Family still waiting for vital therapy for autistic child
S.C. children in need of intensive autism treatment cannot find therapists, and the state's Medicaid agency is to blame, according to a federal lawsuit that alleges the state is driving therapists away by failing to pay them enough.
The lawsuit was filed by Ashley Manley, a Lexington mother whose 6-year-old son has been waiting for more than two years to get more than 40 hours a week of in-home, intensive therapy. A doctor prescribed the therapy for the child after he was diagnosed with Autism Spectrum Disorder.
South Carolina's reimbursement rates for autism therapists are so low that they cannot afford to treat patients covered by Medicaid, the joint federal-state insurance program for the poor and disabled, according to the lawsuit. The suit, filed last week, names the S.C. Department of Health and Human Services and its director, Josh Baker, as defendants.
As a result of those low rates, some S.C. therapists refuse to accept Medicaid patients for the autism treatment, leading to a scarcity of therapists and long waits for their services, the suit alleges.
The lawsuit also says the state is violating federal law by accepting federal Medicaid dollars but not ensuring that children in the autism program have access to treatment they are entitled to under federal law.
The state's failure to provide the therapy to Manley's son and children like him is causing them "irreparable harm," the lawsuit says, estimating there are 1,000 S.C. children with autism who are awaiting therapy.
A spokesperson for the S.C. Department of Health and Human Services said Tuesday the agency does not comment on pending lawsuits.
Manley declined comment Tuesday, referring The State to Toby Ward, her attorney, who is seeking class-action status for the civil rights claim, which has been assigned to U.S. District Judge J. Michelle Childs.
The lawsuit's goal is to get Manley's son, and children like him, the help they need, Ward said.
SC pays the least, autism group says
South Carolina gets money from the federal government to pay for medical services covered by Medicaid. For autism therapy, the state pays 29 percent of the bill while the federal government picks up the rest.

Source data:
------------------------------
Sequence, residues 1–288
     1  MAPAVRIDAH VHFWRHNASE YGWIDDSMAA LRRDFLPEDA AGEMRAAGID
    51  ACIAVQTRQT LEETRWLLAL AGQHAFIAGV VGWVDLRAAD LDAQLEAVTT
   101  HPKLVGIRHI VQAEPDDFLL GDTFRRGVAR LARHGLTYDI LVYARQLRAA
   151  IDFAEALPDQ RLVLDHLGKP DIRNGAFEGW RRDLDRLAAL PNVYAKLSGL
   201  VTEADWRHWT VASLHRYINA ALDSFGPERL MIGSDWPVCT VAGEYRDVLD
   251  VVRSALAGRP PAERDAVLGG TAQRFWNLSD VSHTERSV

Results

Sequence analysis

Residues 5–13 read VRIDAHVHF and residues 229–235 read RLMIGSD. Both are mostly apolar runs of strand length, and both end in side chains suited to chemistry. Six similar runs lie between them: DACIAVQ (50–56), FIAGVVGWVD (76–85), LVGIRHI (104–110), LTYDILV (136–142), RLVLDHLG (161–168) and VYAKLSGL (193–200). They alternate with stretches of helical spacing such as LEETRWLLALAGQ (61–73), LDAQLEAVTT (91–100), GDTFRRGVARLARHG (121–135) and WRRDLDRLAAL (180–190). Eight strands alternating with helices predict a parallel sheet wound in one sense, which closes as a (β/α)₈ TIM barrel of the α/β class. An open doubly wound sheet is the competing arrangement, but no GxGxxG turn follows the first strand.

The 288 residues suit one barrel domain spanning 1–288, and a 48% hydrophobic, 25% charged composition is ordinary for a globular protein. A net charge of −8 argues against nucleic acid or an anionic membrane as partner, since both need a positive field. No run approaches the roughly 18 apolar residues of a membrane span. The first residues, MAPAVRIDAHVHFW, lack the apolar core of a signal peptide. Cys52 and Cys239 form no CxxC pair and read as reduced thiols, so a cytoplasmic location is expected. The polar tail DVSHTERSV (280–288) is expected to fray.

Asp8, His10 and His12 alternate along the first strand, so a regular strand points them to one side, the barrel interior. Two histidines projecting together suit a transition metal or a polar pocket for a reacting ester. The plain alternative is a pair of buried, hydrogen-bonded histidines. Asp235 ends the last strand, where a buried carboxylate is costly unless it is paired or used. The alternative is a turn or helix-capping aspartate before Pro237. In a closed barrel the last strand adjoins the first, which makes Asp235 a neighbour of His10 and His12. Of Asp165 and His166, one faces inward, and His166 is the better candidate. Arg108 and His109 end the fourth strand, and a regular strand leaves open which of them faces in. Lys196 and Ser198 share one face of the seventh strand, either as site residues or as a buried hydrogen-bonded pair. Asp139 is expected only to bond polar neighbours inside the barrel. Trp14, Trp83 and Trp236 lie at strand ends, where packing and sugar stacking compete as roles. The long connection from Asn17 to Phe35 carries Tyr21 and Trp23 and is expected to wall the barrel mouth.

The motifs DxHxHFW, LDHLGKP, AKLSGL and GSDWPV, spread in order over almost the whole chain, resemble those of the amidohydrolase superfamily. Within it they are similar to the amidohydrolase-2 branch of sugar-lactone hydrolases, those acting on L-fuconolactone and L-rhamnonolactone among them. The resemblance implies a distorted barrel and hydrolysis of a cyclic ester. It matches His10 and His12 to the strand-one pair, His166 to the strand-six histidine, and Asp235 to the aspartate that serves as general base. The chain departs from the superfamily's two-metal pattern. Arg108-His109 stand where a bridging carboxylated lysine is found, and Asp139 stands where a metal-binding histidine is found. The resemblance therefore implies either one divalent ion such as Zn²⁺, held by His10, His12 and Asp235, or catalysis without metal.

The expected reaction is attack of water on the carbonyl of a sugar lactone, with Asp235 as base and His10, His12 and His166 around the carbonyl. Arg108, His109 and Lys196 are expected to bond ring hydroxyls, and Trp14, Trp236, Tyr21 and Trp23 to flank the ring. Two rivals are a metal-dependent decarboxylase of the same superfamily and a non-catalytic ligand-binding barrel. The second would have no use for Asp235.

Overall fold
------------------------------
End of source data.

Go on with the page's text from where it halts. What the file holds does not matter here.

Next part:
The reimbursement rate that South Carolina pays therapists for autism treatment under Medicaid is the lowest in the nation, according to Autism Speaks, a national autism advocacy group.
Before July 1 of last year, the reimbursement rate for Medicaid-paid autism therapy, set by the state, was $13.58 an hour, including the state's 29 percent share. In July of last year, the state increased that rate to $17.28, less than half of the national average of $48.70 an hour, according to Autism Speaks.
Lawmakers are expected to increase those rates again in the state budget that takes effect July 1, but how much has not been decided.
Manley's lawsuit has the potential to affect hundreds of S.C. children. According to Health and Human Services, there were 1,425 children on Medicaid who had been approved for autism services last June. Of those, 840 were not receiving therapy.
The therapy — called applied behavioral therapy, or ABA therapy — can make the difference between a child with autism growing up to live independently or in an institution, experts say. The therapy helps children with autism and their families develop strategies to correct inappropriate behaviors and regulate impulses.
The therapy can be costly, as it requires a therapist to work several hours a day with a child at home or in school. That time commitment makes it a challenge for parents, including Manley, to afford the therapy without help from Medicaid or high-quality private health insurance, advocates have said.
Without the therapy, the lawsuit says, Manley's son "faces serious harm, including regression of his skills and increases in potentially dangerous behaviors as he approaches adolescence."